The recent wave of power shortages is being felt across Afghanistan, and the Taliban blame the international community for the country's political and financial isolation since the group took over last year.
Everyday for three hours, Noorbakhsh, in Balkh province, in northern Afghanistan, turns on his personal electricity generator to water his land, where he cultivates crops like cotton and sesame.
The yield of his fields depends entirely on how much water and electricity he can acquire in a country facing droughts, rickety power infrastructure, and a flailing Taliban government.
The northern province is connected to the national power grid, which imports electricity from Central Asian countries.
When the Taliban fought US troops in the 2000s, the fighters would regularly attack electricity pylons and power lines, leaving the region in the dark for days.
As the Taliban took over Kabul last year, there was hope that the locals would at least get uninterrupted supply of electricity as a sense of some stability sets in.
However, the 51-year-old farmer is now disappointed, as the power outages in his province have prolonged in recent months, forcing him to spend more money on fuel to run his generator.
“Before the Taliban, the electricity outages occurred every other day. But now the situation is much worse, and sometimes we are without power for days. I am spending a lot of money on the generator and water pump,” Noorbakhsh told TRT World, sharing fear that he won't be able to water his as the summer peaks.
“As Afghans, we are used to spending days and nights without electricity. But my fields are thirsty; they depend on electricity for their thirst to be quenched."
"This summer was also been very hot and I need to keep a close watch on the crops, otherwise all my hard work will be wasted if the crops dry out,” he said.
More than 70 percent of the electricity consumed in Afghanistan is comes from Tajikistan, Uzbekistan, Turkmenistan, and Iran, and less than 20 percent is produced domestically.
The recent wave of power outages is being felt across Afghanistan, as the leadership of the Taliban struggles to provide a steady electricity supply.
In Daikundi province in central Afghanistan, 30-year-old Asghar, who owns a small shop, said he could not afford a private generator like his peers.
Although, unlike Noorbakhsh in Balkh, his district had poor power connectivity even during the previous government, the situation is getting worse.
“I have a small solar-powered battery that helps run three bulbs and is enough to charge our cell phones. I cannot afford a bigger generator, nor the fuel to operate it,” he told TRT World.
“Without power, I am unable to keep the shop open for longer hours. My daily sales have decreased a lot. Previously, I used to earn up to 6000 Afghanis ($67) a day, but now my earning has fallen to 700 Afghanis ($7),” he said.
A Taliban spokesperson attributed the problems to political and financial isolation the group is facing by the international community.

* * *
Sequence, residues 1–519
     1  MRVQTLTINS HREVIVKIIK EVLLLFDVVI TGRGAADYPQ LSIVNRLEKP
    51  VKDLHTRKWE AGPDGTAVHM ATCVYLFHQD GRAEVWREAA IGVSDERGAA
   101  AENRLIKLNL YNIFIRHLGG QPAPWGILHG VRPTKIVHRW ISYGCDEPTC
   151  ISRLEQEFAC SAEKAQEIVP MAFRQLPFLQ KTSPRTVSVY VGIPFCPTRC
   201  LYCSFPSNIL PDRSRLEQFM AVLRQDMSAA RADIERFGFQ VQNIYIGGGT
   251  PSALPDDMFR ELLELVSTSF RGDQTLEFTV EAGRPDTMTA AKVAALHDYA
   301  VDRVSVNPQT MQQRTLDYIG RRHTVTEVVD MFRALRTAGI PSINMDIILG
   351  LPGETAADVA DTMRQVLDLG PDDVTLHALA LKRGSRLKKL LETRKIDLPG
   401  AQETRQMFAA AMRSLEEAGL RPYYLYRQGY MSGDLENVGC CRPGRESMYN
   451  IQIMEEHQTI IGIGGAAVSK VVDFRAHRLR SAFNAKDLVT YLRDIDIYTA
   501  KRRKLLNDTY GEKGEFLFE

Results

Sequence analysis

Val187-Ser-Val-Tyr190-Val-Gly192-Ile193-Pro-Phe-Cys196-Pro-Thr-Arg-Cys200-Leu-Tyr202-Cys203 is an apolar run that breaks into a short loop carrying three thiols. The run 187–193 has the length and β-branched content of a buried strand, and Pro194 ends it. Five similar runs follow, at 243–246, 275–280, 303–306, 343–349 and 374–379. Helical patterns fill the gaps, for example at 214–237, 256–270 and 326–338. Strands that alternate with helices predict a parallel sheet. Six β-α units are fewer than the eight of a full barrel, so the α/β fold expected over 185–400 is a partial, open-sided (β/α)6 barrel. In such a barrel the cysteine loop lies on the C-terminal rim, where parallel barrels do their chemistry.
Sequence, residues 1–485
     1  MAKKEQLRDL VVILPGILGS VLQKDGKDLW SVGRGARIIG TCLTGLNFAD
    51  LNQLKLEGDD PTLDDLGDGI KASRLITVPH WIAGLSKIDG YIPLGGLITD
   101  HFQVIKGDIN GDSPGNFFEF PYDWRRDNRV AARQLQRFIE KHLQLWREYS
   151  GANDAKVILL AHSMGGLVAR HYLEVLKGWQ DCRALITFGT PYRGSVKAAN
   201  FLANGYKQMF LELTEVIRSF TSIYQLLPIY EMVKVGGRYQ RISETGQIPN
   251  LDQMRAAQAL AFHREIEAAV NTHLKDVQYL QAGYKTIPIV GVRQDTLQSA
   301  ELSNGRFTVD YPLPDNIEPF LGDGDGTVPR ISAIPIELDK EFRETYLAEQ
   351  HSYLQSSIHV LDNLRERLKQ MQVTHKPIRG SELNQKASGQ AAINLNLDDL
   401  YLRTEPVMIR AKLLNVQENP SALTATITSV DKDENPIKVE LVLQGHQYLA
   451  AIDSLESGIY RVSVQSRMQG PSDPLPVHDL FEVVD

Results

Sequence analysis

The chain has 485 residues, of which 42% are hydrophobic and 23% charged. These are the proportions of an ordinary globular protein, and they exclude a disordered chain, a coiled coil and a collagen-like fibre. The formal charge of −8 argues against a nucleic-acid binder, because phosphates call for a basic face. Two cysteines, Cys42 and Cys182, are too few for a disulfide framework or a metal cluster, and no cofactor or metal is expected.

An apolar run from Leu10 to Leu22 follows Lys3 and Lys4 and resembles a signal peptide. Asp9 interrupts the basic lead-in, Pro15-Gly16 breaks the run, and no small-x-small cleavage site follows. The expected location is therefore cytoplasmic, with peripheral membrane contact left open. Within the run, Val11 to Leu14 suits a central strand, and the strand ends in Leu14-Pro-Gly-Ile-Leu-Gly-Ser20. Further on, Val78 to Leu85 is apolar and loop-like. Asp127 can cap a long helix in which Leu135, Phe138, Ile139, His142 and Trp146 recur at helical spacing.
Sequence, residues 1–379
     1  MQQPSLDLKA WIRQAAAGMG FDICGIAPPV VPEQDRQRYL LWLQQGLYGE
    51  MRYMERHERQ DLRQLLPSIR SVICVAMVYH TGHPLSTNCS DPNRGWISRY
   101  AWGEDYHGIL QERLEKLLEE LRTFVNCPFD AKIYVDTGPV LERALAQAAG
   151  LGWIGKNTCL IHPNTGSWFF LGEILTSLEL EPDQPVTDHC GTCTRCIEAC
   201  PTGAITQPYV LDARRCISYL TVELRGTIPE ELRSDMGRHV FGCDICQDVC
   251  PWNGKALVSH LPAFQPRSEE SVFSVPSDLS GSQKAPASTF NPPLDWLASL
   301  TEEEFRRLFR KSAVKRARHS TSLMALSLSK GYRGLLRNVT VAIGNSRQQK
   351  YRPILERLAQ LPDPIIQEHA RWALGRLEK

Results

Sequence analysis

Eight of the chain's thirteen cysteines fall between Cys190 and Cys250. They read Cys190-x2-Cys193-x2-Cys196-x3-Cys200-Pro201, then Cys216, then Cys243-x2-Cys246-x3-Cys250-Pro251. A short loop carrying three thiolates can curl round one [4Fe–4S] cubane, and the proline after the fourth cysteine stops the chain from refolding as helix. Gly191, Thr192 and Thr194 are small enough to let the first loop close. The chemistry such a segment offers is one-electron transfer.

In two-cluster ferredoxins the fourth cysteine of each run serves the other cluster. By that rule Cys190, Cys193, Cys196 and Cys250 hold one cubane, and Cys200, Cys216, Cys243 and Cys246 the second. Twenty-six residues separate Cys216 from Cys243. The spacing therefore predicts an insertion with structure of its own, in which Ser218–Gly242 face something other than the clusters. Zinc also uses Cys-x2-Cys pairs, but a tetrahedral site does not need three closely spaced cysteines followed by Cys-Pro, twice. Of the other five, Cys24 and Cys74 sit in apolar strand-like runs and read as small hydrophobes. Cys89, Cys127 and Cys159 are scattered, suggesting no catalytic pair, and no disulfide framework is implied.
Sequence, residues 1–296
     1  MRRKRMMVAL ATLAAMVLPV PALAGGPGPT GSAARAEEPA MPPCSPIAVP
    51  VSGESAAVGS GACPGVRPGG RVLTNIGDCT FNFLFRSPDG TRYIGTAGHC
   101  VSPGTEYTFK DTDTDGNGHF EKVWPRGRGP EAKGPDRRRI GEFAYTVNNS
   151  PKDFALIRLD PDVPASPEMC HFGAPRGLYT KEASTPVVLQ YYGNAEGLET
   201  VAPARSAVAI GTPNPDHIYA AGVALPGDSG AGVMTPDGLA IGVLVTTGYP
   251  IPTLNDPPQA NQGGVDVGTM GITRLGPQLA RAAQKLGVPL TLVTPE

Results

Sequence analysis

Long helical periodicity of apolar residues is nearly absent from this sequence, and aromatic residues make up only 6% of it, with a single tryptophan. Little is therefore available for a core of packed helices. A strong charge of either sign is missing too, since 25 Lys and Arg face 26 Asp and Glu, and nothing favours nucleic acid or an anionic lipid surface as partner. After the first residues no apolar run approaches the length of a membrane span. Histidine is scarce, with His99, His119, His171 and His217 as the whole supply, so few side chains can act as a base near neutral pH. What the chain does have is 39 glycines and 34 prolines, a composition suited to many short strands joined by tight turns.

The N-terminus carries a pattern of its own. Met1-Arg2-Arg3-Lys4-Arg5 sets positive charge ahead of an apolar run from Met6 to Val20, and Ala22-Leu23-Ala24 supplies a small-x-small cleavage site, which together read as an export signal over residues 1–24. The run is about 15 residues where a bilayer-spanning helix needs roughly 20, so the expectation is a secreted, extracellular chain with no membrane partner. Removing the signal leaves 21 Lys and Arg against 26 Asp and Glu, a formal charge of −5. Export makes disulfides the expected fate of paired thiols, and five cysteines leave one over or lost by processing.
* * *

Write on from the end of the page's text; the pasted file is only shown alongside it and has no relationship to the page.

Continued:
“The earlier Afghan governments had access to international aid and assistance. They were able to manage the affairs because they had support of so many foreign governments. The Taliban are on their own,” said a Taliban official working with Afghanistan’s electricity board, Da Afghanistan Breshna Sherkat (DABS) who only wished to identity as Matti.
“And of course, because of that, there are many challenges,” he added.
The collapse of the previous government, and the subsequent Taliban takeover, triggered an economic and banking crisis in Afghanistan that was aggravated by the international sanctions and a freeze on Afghanistan's foreign reserves in the US, which come to around $9 billion.
As a result, Afghanistan is facing a catastrophic humanitarian crisis that the Taliban are finding hard to deal with.
Matti, the 34-year-old member of the Taliban, has been with the armed group for over 14 years, joining them very young to fight the US and NATO-backed forces.
However, now like other fighters, he directs his energy and time to contribute to the governance - a task, which the Taliban admit they are only now getting used to.
“We try to imitate the policies of the previous government. We have also retained many of the same bureaucrats," he said.
However, the Taliban have installed their own men as heads of various government departments.
Mohsin Amin, an Afghan expert on energy, confirmed that since most of the technical staff remained, “service delivery was based on previous systems".
However, owing to the economic crises, the purchasing power of people dwindled and impacted overall tax collection, making it difficult for the Taliban to run the system effectively.
“In the last year, DABS collected over $280 million and paid over $151 million for electricity imports and to local Independent Power Producers (IPPs).
"I [also] heard from colleagues in DABS that corruption was reduced and commercial losses contained for the first time. But, the economic and humanitarian crisis has overshadowed other aspects of service delivery, nonetheless,” he said.
But millions of Afghans, especially in the rural areas, who had hoped for light at the end of the long, violent war, were met with literal darkness.
“We want the government to pay attention to us. The war is over; reopen our schools, build us clinics and give us access to electricity and water,” Asghar urged, echoing a wish expressed by many Afghans.